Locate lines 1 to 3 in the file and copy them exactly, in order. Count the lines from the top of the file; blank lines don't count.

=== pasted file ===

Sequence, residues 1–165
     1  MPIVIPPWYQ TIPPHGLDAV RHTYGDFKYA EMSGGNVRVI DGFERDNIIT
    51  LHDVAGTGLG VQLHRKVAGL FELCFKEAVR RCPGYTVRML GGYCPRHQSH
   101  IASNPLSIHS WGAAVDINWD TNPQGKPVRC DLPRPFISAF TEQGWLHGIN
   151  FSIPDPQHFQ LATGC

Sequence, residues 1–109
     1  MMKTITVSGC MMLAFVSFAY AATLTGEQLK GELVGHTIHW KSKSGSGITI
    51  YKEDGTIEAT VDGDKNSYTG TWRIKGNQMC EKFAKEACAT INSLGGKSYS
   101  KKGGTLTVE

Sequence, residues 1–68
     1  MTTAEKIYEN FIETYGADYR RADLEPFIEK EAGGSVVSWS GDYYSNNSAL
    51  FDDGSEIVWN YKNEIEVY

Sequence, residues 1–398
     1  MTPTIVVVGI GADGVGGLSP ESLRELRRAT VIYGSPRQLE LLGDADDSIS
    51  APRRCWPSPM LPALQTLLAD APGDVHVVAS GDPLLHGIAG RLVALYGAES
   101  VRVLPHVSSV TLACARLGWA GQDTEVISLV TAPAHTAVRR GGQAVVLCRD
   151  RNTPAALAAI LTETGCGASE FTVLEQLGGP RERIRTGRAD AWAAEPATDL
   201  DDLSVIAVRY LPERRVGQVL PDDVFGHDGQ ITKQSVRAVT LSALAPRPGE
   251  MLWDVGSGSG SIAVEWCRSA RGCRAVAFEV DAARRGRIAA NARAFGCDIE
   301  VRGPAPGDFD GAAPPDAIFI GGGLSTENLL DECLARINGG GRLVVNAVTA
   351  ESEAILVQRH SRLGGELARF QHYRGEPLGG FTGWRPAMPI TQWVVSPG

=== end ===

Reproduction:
Sequence, residues 1–165
     1  MPIVIPPWYQ TIPPHGLDAV RHTYGDFKYA EMSGGNVRVI DGFERDNIIT
    51  LHDVAGTGLG VQLHRKVAGL FELCFKEAVR RCPGYTVRML GGYCPRHQSH